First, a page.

You will become as small as your controlling desire; as great as your dominant aspiration.
Author: James Allen (1864-1912)
Profession: British-born American Essayist, Author of ''As a Man Thinketh''
Great men are true men, the men in whom nature has succeeded. They are not extraordinary -- they are in the true order. It is the other species of men who are not what they ought to be.
Author: Henri Frederic Amiel (1821-1881)
Profession: Swiss Philosopher, Poet, Critic
Greatness is a spiritual condition.
Author: Matthew Arnold (1822-1888)
Profession: British Poet, Critic
The first element of greatness is fundamental humbleness (this should not be confused with servility); the second is freedom from self; the third is intrepid courage, which, taken in its widest interpretation, generally goes with truth; and the fourth --the power to love --although I have put it last, is the rarest.
Author: Margot Asquith (1864-1945)
Profession: British Socialite
We shall never resolve the enigma of the relation between the negative foundations of greatness and that greatness itself.
Author: Jean Baudrillard
Profession: French Postmodern Philosopher, Writer
Because you are a great lord, you believe yourself to be a great genius. You took the trouble to be born, but no more.
Author: Pierre De Beaumarchais (1732-1799)
Profession: French Dramatist
The dullard's envy of brilliant men is always assuaged by the suspicion that they will come to a bad end.
Author: Sir Max Beerbohm (1872-1956)
Profession: British Actor
Great men are not always wise.
Profession: Sacred Scriptures of Christian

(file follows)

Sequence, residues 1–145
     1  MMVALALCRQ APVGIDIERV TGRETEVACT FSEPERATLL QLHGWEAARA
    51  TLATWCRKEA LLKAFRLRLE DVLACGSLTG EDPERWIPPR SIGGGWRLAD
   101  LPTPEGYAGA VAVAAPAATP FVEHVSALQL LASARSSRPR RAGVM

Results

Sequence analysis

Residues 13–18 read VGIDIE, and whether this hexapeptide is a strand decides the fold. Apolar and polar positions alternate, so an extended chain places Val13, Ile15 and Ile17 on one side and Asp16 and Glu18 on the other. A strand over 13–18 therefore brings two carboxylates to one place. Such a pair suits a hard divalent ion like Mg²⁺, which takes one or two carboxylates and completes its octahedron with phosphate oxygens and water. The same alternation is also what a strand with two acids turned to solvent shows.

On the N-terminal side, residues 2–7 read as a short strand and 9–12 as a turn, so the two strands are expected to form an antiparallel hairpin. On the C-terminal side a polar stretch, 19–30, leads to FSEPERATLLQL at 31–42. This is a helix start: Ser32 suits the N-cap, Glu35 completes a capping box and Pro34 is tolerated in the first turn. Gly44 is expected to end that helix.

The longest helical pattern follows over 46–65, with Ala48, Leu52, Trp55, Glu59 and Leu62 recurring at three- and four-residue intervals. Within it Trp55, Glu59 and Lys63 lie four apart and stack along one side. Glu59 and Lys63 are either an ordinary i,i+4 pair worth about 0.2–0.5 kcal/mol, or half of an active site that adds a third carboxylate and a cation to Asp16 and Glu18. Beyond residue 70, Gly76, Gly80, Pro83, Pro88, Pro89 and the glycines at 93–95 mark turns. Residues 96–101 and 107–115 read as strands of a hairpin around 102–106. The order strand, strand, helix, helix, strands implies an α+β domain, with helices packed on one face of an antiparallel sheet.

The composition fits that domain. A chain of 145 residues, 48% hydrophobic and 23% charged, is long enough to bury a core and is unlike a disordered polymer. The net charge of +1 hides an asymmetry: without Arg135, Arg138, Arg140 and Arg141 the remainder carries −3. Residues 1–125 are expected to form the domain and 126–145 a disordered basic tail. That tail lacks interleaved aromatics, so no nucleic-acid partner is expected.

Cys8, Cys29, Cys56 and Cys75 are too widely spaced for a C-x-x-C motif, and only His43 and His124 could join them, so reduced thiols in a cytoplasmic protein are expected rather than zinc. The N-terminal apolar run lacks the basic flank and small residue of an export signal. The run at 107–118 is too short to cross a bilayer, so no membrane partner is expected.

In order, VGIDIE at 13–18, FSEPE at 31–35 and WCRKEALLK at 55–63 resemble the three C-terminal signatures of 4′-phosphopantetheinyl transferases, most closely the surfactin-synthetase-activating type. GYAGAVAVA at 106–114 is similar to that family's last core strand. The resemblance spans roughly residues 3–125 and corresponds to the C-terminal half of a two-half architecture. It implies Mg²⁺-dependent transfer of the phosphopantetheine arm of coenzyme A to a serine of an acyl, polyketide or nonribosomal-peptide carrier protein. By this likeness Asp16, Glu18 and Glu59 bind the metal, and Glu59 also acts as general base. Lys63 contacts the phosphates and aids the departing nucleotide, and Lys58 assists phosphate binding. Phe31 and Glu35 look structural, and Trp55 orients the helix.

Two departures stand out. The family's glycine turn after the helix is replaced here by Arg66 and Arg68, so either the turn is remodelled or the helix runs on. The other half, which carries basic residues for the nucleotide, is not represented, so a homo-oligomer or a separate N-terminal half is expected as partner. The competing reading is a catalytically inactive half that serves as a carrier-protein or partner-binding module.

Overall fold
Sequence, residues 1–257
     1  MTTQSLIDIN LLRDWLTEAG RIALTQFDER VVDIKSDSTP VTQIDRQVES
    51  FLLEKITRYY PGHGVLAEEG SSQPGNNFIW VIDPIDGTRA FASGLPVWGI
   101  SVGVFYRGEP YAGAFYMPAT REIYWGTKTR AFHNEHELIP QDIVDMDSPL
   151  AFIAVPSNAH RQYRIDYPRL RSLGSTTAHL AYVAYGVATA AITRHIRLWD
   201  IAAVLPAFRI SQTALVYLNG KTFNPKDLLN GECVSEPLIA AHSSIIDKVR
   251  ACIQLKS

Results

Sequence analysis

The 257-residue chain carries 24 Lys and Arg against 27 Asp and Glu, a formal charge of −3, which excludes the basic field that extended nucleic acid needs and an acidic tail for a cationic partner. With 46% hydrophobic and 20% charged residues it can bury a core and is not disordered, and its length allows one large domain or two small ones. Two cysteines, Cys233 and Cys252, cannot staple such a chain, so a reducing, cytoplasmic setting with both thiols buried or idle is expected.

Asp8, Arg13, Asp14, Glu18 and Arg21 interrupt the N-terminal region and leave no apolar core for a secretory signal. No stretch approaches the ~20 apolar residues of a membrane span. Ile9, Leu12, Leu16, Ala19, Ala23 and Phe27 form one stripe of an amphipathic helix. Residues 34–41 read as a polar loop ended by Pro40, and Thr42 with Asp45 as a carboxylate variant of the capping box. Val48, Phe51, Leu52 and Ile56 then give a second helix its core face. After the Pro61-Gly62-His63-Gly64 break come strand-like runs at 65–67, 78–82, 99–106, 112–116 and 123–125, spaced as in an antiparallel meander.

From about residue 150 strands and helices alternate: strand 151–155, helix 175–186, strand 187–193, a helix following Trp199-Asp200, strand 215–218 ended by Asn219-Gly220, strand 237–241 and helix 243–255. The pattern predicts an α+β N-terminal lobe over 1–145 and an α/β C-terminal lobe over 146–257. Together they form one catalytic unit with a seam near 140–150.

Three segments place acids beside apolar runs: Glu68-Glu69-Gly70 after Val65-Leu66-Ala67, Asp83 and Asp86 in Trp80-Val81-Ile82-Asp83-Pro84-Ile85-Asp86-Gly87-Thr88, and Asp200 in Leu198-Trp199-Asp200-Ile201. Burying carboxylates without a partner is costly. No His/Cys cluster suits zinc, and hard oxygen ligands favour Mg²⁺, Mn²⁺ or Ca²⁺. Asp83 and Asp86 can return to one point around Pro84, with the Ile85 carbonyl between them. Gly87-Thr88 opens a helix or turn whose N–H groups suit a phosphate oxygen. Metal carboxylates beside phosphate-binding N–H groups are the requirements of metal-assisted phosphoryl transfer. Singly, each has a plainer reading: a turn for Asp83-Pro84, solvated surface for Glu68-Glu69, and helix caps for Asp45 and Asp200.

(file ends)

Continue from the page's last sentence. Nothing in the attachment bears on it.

The herd seek out the great, not for their sake but for their influence; and the great welcome them out of vanity or need.
Greatness be nothing unless it be lasting.
Great people are meteors designed to burn so that the earth may be lighted.
The greatness of a man's power is the measure of his surrender.
Author: William Booth (1829-1912)
Profession: British Religious Leader, Salvation Army Founder
All your youth you want to have your greatness taken for granted; when you find it taken for granted, you are unnerved.
Author: Elizabeth Bowen (1899-1973)
Profession: Anglo-Irish Novelist
No one who has come to true greatness has not felt in some degree that his life belongs to the people, and what God has given them he gives it for mankind.
Author: Phillips Brooks (1835-1893)
Profession: American Minister, Poet
False greatness is unsociable and remote: conscious of its own frailty, it hides, or at least averts its face, and reveals itself only enough to create an illusion and not be recognized as the meanness that it really is. True greatness is free, kind, familiar and popular; it lets itself be touched and handled, it loses nothing by being seen at close quarters; the better one knows it, the more one admires it.
Author: Jean De La Bruyere (1645-1696)
Profession: French Classical Writer